Perl regular expression RBL DNS server
While studying various spam-fighting techniques, it has started to become
clear to me that the correct solution is (and has always been) stopping
spam from even entering your network. This means blocking email at the
front door and rejecting anything from identified IP addresses.
"Realtime Blackhole Lists" are managed via DNS queries. They act like
standard "in-addr.arpa" lookups, but use a different domain, and look up
"A" records instead of "PTR" records. If a record is found as "127.0.0.2"
then the IP address is considered to be part of that RBL. Sendmail and
many other MTAs support arbitrary RBLs.
RBLs are built usually by hand, and list individual IP addresses, and
sometimes whole network segments. This is difficult to maintain, and
while looking at the lists of hosts sending me email, it became obvious
that two major patterns existed for hosts that sent spam:
It seemed to me that a simple set of regular expressions could flag
almost 85% of the hosts, and I set out to find a way to use regexs as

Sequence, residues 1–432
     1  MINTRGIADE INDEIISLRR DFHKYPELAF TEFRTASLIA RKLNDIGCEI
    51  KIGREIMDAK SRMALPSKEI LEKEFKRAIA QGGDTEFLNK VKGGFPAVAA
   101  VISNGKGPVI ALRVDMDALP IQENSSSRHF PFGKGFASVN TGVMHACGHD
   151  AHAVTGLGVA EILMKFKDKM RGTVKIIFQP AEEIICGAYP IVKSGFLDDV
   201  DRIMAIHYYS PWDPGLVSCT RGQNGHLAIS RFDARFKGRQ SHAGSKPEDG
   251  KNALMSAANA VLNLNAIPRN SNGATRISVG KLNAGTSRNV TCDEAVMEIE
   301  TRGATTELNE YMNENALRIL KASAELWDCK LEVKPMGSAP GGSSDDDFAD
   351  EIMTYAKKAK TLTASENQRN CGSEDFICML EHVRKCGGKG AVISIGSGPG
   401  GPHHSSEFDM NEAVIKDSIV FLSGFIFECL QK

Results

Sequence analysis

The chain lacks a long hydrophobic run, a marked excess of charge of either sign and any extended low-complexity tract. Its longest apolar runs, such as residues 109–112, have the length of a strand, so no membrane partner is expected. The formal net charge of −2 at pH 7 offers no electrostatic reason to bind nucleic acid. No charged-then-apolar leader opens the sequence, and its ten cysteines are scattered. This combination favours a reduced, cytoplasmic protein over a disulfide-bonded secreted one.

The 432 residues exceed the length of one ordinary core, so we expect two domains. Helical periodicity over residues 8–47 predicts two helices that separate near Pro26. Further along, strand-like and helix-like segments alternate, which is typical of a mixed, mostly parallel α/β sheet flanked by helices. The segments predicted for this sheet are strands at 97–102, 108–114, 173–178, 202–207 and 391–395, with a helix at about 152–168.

- Have no DNS name (DNS queries return 'NXDOMAIN').
- Hosts with IP, MAC, or inventory numbers encoded in their name.
As it turns out, there didn't appear to be any regex-based DNS servers,
which makes sense, considering all DNS servers are written to serve
specific information. RBLs are just kind of a hack, piggybacking on the
DNS protocols. Lucky for me, Perl has some excellent DNS server modules
already written. I just had to harness their power, and hook up
- Finish ip to name to ip spoof checking.
- Handle in-addr.arpa aliases for sub-class-C splits.
- Break configuration and regexs out into a config file.
- Create a report-generating tool to produce dialy lookup, pass, and
reject statistics (like trustic.com did).
- Version 0.001 of reresolv, the regex RBL DNS
seriver written in Perl.
- A quick RBL checking tool written in Perl.
- A patch to Net::DNSServer to
make the DEBUG log_file output optional.
$Id: index.html,v 1.3 2003/08/10 10:22:56 nemesis Exp $